Dan Doel said...

"Then how does one explain the fact that merely changing the belief about the contents of the glass causes her to not want it anymore?"

If a desire-as-means is a package of a belief and a desire, then modifying an agent's beliefs modifies the agent's desires as well.

"The issue here is whether an agent needs to desire-that-means that Q in order to perform Q.

I am disputing this. A person needs to desire-as-end that P and have a false belief that Q will bring about P, but this does not entail a desire-as-means that Q. We do not need to invent another entity to explain the agent's behavior. It is sufficient that he desire that P and falsely believes that Q will bring about P."

Well, of course one doesn't need to invent a new entity to explain what is already explained by belief + other desire. It's just a convenient short-hand for referring to the two (or more) related, interacting pieces that we're using to explain the behavior.

Similarly, it isn't necessary to refer to combinations of desires and facts by some term, but it may well be useful.

I'm not really up on BDI, as I'm not a philosopher. I was under the impression that desire-as-means was just an abstraction that was useful because "desire that P" and "belief that Q implies P" functions similarly to "desire that Q," in that agents will act similarly whether they have one or the other. That of course conflicts with a statement that 'informing someone of facts does not change their desires,' which points to a way of distinguishing between the two states. So it's an imperfect abstraction at best.

Facts are somewhat mutable, as well, which means that if you take desire-as-means to be fact + desire, one can change an agent's desires by performing actions that have nothing to do with the agent's mental states. For instance, if there's a thirsty person, and a glass of water on the table, then they have a desire to drink from the glass, but if I poison the water, then they no longer do.

If that sort of thing is a problem, then I think Eneasz is right, and one might as well dispense with desire-as-means as a term entirely.

rauhem said...

Alonzo,

Okay, I now have a clearer understanding of what you meant to say before. But I think it doesn't get you out of trouble just yet.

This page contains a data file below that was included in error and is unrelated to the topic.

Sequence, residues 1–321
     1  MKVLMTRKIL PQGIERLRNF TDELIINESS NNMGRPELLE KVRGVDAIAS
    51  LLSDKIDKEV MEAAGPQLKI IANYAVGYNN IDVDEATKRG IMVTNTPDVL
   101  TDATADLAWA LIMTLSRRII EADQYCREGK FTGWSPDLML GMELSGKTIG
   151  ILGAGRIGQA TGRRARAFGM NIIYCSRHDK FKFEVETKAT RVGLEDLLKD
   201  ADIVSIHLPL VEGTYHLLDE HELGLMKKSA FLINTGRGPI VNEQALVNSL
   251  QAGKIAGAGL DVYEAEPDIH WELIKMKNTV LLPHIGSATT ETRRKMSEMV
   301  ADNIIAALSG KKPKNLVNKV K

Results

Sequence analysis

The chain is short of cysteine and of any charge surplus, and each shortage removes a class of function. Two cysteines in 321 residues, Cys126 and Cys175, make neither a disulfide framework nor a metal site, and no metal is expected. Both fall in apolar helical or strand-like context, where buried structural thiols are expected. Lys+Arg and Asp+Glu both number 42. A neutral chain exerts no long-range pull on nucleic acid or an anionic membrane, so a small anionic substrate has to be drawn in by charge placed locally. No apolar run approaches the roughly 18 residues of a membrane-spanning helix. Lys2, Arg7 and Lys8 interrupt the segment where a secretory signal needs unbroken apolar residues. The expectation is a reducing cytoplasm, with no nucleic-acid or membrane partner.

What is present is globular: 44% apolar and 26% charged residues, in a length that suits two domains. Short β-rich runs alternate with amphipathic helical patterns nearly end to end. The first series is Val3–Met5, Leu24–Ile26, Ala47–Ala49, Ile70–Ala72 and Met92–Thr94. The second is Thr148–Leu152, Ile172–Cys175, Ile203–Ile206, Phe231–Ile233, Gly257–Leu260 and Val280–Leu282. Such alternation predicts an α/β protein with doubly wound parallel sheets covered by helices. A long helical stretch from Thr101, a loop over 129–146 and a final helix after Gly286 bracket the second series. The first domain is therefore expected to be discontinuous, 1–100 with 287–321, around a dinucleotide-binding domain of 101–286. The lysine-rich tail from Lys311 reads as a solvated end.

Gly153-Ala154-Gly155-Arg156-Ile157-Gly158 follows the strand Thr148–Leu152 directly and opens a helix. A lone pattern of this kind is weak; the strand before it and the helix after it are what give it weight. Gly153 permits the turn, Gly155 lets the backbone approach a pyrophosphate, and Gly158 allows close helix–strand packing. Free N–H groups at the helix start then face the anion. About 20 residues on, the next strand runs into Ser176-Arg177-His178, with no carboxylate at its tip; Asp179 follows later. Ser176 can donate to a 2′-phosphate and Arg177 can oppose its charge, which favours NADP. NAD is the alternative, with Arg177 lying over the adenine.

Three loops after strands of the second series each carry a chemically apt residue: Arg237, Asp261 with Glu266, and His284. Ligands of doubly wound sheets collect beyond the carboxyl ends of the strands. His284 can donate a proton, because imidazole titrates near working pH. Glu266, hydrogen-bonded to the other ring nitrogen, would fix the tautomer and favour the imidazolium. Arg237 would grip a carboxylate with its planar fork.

There's still something not quite right, but I'm still thinking about how to put it in words (not writing in my native language doesn't help with that).

You make these statements:

Desires-as-means, I now claim, depends on the relationships between means and ends that exist as a matter of objective fact, whether people believe that those relationships exist or not.

The issue here is whether an agent needs the desire-as-means that Q in order to perform Q.

I am disputing this. A person needs to desire-as-end that P and have a false belief that Q will bring about P, but this does not entail a desire-as-means that Q. We do not need to invent another entity to explain the agent's behavior. It is sufficient that he desire that P and falsely believes that Q will bring about P.

However, we do need to explain how an agent can give up on Q once she acquires true beliefs about Q's relationship to P. Telling the agent the truth about Q does not change her desires. She still wants the same things after being told that she wanted before being told. Only, now, she realizes that drinking the contents of the glass is not one of the things that she actually, really, wants.


If I'm understanding this correctly, then in my opinion this leads to the following conclusion:

a) In case she drinks the water, correctly believing that it is water, then she really did have a desire-as-means 'drink the contents of the glass';

b) If she drinks poison, while believing that it is actually water, then she didn't have this same desire-as-means.

Can you propose a solution to this apparent paradox?

faithlessgod said...

Okay Alonzo now I am confused!

I always thought it was your position that desire-as-means is a just a useful semantic shorthand but not an ontological separate category from desire-as-ends. That is all desire-as-means are only "as if" desires and really a combination of desire-as-ends and beliefs.